Want to prosper? Be teachable.

April 11th, 2013

A teachable spirit is the beginning of knowledge.

A friend of mine who has shown in tangible ways what prospering can look like, with a development company and property holdings in many places, once told me how he started. In fact, it’s always how he starts. When he goes to a new area for possible development, he begins by asking questions. He doesn’t start by subtly letting others know how much he’s already acquired or succeeded. No, he takes the quiet approach, listening, learning, taking in what others are happy to share.

In any given session he comes out with far more useful information than if he’d done most of the talking. And a much better chance of prospering.

He’s learned the value of the proverb, Whoever heeds instruction prospers.*

It sounds easy but, in fact, it requires a certain humility, which isn’t always easy.

It’s a starting again from the bottom, a willingness to concede that, as amazing as it sounds, we may not know all there is to know.

I remember as a teenager developing the habit of responding to every statement I heard with, “I know.” I finally realized it was working against me. I was only defending my lack of knowledge and preventing any new knowledge coming in.

Happily, we can grow beyond our sophomore years. The Greeks saw all this clearly: sophos wise, moros foolish.

In a sense, we need to be as a child once again, always absorbing, always curious, always ready to be taught.

Here are some synonyms for a teachable spirit:
capable of being instructed,
apt to learn,

Personally I find all of these terms quite positive and attractive, terms I’d like to be known by. Indeed, I find them instructive.

In all things, in order to succeed, take the humble approach. Don’t be defending what you already know; be ready to learn what you don’t.

There’s much more out there of the latter kind.


* Proverbs 16:20


  1. Pastor Adam Barton Apr 11, 2013
    9:54 am

    Well said and couldn’t agree more. One of my favorite lessons from Proverbs.
    Thank you Hyatt,
    Pastor Adam Barton
    Akron, Ohio

  2. Doug Kyle Apr 11, 2013
    10:14 am

    I’m tempted to say, “I know.”
    But instead I’ll say, Teach me more. Keep writing. Thank you.

  3. Mary Apr 11, 2013
    12:22 pm

    Good timing on this email, Hyatt, as I’m about to participate in a trade show and asking questions of attendees is the best way to understand, rather than be understood or talking too much as many in selling positions are prone to be. In any case, the terms you listed above are those I know you for as well… except, the docile end of the spectrum leading towards submissiveness wouldn’t describe you – at least not in my painting class. Thank goodness!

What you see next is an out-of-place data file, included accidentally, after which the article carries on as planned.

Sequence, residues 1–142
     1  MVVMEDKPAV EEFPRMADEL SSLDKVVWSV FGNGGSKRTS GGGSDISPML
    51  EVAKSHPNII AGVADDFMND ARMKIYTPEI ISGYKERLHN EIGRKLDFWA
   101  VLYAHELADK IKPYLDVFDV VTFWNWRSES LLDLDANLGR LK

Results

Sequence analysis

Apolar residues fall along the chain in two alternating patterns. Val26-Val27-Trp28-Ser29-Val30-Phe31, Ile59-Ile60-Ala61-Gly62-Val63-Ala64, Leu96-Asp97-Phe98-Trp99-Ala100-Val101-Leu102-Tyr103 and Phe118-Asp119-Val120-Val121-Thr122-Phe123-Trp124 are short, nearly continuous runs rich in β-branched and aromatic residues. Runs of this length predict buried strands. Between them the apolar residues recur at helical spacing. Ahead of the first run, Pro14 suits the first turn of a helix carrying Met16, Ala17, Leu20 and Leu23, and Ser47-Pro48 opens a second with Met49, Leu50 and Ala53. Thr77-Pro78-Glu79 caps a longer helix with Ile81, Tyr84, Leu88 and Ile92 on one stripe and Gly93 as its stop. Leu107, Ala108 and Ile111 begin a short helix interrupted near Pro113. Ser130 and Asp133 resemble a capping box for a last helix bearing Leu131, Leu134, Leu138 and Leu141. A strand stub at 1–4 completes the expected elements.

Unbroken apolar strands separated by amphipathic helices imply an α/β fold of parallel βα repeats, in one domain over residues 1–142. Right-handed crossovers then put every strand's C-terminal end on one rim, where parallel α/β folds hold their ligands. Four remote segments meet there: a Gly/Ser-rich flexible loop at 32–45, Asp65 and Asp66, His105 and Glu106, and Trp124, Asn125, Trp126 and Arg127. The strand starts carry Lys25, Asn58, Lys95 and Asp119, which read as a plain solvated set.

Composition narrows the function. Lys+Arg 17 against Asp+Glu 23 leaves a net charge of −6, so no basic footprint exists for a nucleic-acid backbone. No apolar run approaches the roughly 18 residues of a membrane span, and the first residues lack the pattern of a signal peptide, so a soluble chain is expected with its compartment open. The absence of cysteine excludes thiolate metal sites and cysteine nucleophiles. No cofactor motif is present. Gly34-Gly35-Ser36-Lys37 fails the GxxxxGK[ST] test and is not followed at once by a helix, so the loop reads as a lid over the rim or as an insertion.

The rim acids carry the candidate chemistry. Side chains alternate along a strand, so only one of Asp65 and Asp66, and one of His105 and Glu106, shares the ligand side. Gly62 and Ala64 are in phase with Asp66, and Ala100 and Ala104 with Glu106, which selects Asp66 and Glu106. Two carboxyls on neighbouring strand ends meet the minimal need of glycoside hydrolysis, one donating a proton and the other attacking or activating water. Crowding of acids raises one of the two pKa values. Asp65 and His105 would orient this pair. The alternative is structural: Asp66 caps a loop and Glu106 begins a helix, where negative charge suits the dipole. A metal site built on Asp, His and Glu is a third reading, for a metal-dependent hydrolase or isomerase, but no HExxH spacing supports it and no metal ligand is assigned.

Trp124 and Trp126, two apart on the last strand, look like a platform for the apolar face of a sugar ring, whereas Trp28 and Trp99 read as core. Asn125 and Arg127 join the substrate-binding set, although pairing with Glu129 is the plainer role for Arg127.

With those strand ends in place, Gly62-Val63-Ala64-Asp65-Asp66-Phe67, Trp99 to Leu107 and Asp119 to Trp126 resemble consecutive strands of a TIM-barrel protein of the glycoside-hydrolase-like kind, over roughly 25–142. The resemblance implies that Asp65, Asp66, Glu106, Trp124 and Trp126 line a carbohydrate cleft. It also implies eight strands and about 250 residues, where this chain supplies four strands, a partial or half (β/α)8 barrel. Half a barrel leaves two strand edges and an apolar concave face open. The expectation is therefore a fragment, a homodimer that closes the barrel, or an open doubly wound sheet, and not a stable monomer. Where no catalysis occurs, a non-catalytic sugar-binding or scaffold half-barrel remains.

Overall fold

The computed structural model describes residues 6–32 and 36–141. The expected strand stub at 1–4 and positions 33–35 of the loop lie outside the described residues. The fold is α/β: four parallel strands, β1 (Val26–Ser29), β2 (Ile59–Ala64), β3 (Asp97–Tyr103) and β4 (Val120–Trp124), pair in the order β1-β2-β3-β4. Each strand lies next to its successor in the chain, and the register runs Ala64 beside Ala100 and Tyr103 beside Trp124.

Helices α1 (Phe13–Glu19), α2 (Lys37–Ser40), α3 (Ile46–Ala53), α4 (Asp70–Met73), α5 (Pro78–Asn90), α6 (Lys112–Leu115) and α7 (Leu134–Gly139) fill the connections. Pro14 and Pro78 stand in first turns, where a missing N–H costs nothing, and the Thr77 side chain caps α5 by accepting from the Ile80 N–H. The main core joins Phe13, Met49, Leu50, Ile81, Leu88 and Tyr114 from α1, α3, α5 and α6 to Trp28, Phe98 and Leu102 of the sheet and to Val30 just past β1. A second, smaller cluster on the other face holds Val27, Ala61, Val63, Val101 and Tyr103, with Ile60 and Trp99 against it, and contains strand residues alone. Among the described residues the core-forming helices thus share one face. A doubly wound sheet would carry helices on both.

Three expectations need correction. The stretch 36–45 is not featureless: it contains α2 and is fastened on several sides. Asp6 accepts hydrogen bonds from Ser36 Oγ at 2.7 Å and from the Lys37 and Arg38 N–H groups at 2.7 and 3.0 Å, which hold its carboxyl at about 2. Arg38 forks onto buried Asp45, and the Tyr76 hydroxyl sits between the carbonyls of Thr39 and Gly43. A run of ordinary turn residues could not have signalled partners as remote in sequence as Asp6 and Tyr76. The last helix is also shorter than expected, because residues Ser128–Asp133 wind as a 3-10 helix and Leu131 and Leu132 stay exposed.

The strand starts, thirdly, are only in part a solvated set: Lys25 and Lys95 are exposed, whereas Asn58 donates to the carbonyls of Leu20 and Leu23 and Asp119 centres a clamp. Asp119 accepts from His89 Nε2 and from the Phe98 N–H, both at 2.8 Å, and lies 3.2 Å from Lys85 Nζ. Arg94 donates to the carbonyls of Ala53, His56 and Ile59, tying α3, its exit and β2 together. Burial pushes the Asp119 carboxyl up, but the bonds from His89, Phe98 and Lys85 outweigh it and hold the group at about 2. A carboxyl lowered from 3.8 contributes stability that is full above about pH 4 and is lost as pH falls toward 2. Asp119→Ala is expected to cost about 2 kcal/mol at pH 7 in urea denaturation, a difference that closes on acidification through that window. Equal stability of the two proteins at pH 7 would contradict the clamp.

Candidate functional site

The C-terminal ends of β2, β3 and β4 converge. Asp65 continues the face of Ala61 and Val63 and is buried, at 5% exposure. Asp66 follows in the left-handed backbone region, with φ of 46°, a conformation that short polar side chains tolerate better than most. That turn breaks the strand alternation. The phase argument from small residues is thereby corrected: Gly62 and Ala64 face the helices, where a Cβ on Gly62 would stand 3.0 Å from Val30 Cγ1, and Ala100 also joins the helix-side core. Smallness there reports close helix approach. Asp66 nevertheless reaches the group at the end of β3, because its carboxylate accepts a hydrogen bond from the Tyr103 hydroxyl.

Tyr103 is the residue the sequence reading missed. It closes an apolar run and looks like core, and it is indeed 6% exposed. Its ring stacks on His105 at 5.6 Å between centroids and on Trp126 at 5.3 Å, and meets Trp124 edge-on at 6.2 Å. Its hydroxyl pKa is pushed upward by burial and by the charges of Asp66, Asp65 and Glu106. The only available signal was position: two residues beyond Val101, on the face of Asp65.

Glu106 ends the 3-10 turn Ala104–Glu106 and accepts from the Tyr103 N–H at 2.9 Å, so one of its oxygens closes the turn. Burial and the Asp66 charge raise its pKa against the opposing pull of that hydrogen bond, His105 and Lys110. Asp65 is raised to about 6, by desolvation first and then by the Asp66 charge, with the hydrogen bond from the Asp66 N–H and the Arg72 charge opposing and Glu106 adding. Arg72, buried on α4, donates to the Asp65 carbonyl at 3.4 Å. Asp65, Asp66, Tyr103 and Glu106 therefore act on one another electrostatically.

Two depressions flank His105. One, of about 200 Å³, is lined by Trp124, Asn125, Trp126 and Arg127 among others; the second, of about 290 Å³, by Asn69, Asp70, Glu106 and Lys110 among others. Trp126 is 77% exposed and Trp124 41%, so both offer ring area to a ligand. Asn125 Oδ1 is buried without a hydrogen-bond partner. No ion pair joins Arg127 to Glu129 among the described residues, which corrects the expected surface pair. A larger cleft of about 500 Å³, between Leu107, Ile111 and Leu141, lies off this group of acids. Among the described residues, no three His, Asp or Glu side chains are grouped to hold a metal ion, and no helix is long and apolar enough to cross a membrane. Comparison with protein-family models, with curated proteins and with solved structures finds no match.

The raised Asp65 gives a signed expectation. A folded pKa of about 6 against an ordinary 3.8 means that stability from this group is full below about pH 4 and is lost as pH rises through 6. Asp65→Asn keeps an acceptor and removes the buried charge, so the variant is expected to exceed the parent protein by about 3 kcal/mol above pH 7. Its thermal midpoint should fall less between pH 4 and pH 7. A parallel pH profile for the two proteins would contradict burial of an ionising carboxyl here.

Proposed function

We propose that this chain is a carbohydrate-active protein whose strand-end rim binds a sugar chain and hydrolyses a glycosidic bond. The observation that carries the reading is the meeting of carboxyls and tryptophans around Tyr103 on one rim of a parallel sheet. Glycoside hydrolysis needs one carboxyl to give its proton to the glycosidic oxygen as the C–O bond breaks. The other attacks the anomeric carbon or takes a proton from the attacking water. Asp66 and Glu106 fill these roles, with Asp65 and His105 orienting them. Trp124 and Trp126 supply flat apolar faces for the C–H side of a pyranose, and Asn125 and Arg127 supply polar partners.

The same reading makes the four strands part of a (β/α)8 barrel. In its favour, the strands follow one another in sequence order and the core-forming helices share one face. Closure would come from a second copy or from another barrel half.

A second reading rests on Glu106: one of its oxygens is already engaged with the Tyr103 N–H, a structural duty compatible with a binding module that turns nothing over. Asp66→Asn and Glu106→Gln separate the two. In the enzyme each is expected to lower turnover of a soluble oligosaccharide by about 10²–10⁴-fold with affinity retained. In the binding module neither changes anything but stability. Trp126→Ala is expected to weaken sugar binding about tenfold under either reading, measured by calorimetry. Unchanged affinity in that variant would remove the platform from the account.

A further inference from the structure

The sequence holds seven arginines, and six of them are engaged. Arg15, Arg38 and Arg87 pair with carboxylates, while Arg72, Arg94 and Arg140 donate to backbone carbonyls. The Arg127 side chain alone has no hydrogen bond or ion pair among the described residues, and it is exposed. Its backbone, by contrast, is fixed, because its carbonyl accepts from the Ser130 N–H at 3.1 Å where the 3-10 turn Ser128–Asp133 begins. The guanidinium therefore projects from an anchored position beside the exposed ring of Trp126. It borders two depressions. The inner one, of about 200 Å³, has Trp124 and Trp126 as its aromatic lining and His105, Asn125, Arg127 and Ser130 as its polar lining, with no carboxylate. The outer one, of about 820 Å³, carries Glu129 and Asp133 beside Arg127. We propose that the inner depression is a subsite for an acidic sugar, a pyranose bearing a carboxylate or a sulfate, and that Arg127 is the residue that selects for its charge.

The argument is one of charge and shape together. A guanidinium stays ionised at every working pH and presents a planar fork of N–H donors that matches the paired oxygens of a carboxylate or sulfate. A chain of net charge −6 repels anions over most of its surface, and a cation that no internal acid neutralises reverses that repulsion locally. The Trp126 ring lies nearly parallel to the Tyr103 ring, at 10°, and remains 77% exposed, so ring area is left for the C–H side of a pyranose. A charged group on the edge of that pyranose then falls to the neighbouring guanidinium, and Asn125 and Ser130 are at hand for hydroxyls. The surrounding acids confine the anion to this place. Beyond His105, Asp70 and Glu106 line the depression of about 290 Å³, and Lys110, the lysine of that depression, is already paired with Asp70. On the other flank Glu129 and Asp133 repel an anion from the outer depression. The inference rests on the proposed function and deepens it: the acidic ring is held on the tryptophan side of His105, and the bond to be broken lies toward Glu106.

4. Scott Apr 11, 2013
    12:27 pm

    I am listening. Am I really?

  5. Scott Anderson Apr 11, 2013
    12:32 pm

    Thank you as always Hyatt.
    James had it right when he said” be swift to hear and slow to speak”
    Keep up the great insight!

  6. jcl Apr 11, 2013
    1:15 pm

    Very good, point well taken.

  7. Pil Ho Lee Apr 11, 2013
    4:10 pm

    Thank you Hyatt.

  8. Tim MacDonald Apr 11, 2013
    7:35 pm

    This is spot on Hyatt – we are having opportunity to experience this daily with our new venture – my prayer is this wisdom seeps deep into every cell in my body, so that it is who I am.


  9. Norm Apr 11, 2013
    10:36 pm

    Much like prayer. When we’re younger, it’s mostly about petition. As the years go on, praying becomes more about opening my heart and life to God, being still and listening and yielding. “In quietness and trust is my strength,” as spoken in Isaiah. Great point well made, Hyatt

  10. carmen Apr 13, 2013
    7:41 am

    Hyatt, so true. I guess we need to be like a child (open to learning) to enter the kingdom of heaven…

  11. Lisa Hoyt Apr 14, 2013
    9:36 pm

    Hyatt, this is so true. Thank you! I love to hear what others have to say because I always feel I don’t know everything. I always get a new perspective and most of the time things I did not think of! It is funny because there are people very close to me that feel they don’t need anyone and can figure it out better by themselves. I am of the other opinion. Now you have just confirmed it again! loved this! Thank you! Lisa